The Earth is beautiful and there are so many spots of unparalleled beauty on it that a lifetime of travel is short to accomplish those visits. Hence, humans came up with a list of top 10 for many categories, so that ordinary mortals can atleast see the best. One such category that amazes me is “drive” and have driven through many awesome places on the planet. Yet, if I was to be asked today about which my favorite drive would be, I have no hesitation in saying that it has be to the “Great Ocean Road” drive in Australia.
Great Ocean Road, in the Australian state of Victoria, hugs the Pacific Ocean for around 240 km. What I gathered is that it was built by returning soldiers of WWI, first as a fitting memorial for their fallen brothers, and then also to keep them occupied and in service. They did an excellent job, hemming in the winding terrain of limestone coast, drilling through rain forests, beaches, cliffs, sandstone and nature. We spent 3 days traversing the road in both directions and those 72 hours had been a continuous feast to the eyes. This blog is my tribute to this heaven on Earth.
Great Ocean Road drive was in our bucket list since long. As we researched to create our itinerary, we all were hooked onto every piece of article about the Great Ocean Road. Imagine 240 odd kilometers of winding road, no traffic – no rush, the ocean to your left with clear blue waters and high foaming waves, and the limestone caves, lush green rain forests and misty mountainous landscapes to your right. Heck, we even managed to get Indian food on stopovers during this drive. Look at some of the pictures below and decide yourself.
Port Campbell, Australia
The Great Ocean Road starts from a place called Torquay – about 40km from Melbourne – and winds up in a town called Allansford. While the entire road is an awesome drive, the heart of this drive is between Lorne and Port Campbell (145kms). The in-between towns of Torquay, Anglesea, Aireys Inlet, Lorne, Kennett River, Apollo Bay, Cape Otway (a diversion from Great ocean road and Port Campbell are typical 1 street coastal towns with easy rentals, nice food, amazing wines, magnificent views and warm people.
For an immersive experience of the Great Ocean Road, we decided to drive down from Torquay and stay for the first night at Port Campbell, and then reverse drive and stay for another night at Apollo Bay. This ensured that we saw the vistas on both sides of the road while driving. We took natural diversions to many wonderful places on the road like the Twelve Apostles National Park, The Otway National Park (with an amazing lighthouse at the end of the road), Beech Forest and many more.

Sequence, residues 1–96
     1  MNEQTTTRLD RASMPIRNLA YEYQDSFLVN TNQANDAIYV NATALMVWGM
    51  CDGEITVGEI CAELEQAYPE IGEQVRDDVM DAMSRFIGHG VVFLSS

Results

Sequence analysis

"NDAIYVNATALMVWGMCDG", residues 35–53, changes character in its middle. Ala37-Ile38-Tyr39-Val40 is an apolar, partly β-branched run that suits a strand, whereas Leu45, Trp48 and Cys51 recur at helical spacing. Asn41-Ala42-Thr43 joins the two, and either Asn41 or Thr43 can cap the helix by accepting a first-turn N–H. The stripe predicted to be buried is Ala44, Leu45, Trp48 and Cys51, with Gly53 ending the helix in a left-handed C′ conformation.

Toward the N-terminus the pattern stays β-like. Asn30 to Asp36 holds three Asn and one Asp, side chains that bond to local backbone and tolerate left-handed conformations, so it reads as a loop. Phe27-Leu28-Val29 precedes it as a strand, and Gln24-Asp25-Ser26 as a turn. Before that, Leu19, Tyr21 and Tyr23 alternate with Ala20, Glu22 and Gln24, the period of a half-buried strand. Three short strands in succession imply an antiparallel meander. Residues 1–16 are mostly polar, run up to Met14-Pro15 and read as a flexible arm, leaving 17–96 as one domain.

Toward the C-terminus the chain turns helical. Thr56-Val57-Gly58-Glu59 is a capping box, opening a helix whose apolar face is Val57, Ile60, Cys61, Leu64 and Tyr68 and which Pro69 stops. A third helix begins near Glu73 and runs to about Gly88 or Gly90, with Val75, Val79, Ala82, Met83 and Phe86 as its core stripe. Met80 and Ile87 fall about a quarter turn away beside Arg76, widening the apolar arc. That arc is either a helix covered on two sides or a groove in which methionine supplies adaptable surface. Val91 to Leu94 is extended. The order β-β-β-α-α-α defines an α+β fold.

It was so picture postcard a place that my adrenaline overshot somewhere near 12 Apostles and I decided to get down to the shore and go to a corner of the beach where nobody went, and I thought I would get the best views of sunset from. There was a reason why no one went that far, and I was about to know why. I reached my chosen point, climbed a few of the stones to my perfect spot and started to aim the camera towards one of the Apostles. As I was about to click, a giant wave struck and all I could see was white foam with no sight of land or ground. I felt myself floating for a few seconds in the water, drifting towards the ocean. I somehow jumped, felt ground and ran back. Soaking wet, wiped my camera and phone dry, changed clothes in the car and drove for next 2 days on Great Ocean Road wearing bathroom slippers. Adrenaline got the best of Homa the next day and she also ended up traveling the Great Ocean Road in her back-up slippers for the remainder of our stay. Such is the temptation of Great Ocean Road. Go for it.
When to go to Great Ocean Road:
Ideal months for eastern Australia is Dec and Jan and the 12 Apostles can be visited throughout the year, but you are more likely to get dry and clear weather from January to March
How to plan Great Ocean Road Drive:
Fly into Avalon Airport (45km from Melbourne) and start your drive from there. You will reach Geelong in 20 mins from where signage for Great Ocean Road guides you all the way. Self-drive is highly recommended because you will feel like stopping at each lookout point. Buses and guided tours will have limitation on number of spots as well as time spent at each location.
Where to Stay:
We recommend that you stay in Apollo Bay, as well as Port Campbell. These towns have the largest options of stay and food, of all the towns on Great Ocean Road. Budget Youth Hostels (in Apollo Bay) and Boutique Motels (Port Campbell) abound. You will mostly find basic but comfortable accommodation. Book ahead of your travels. Accommodation is impossible to find during season time, if not booked in advance.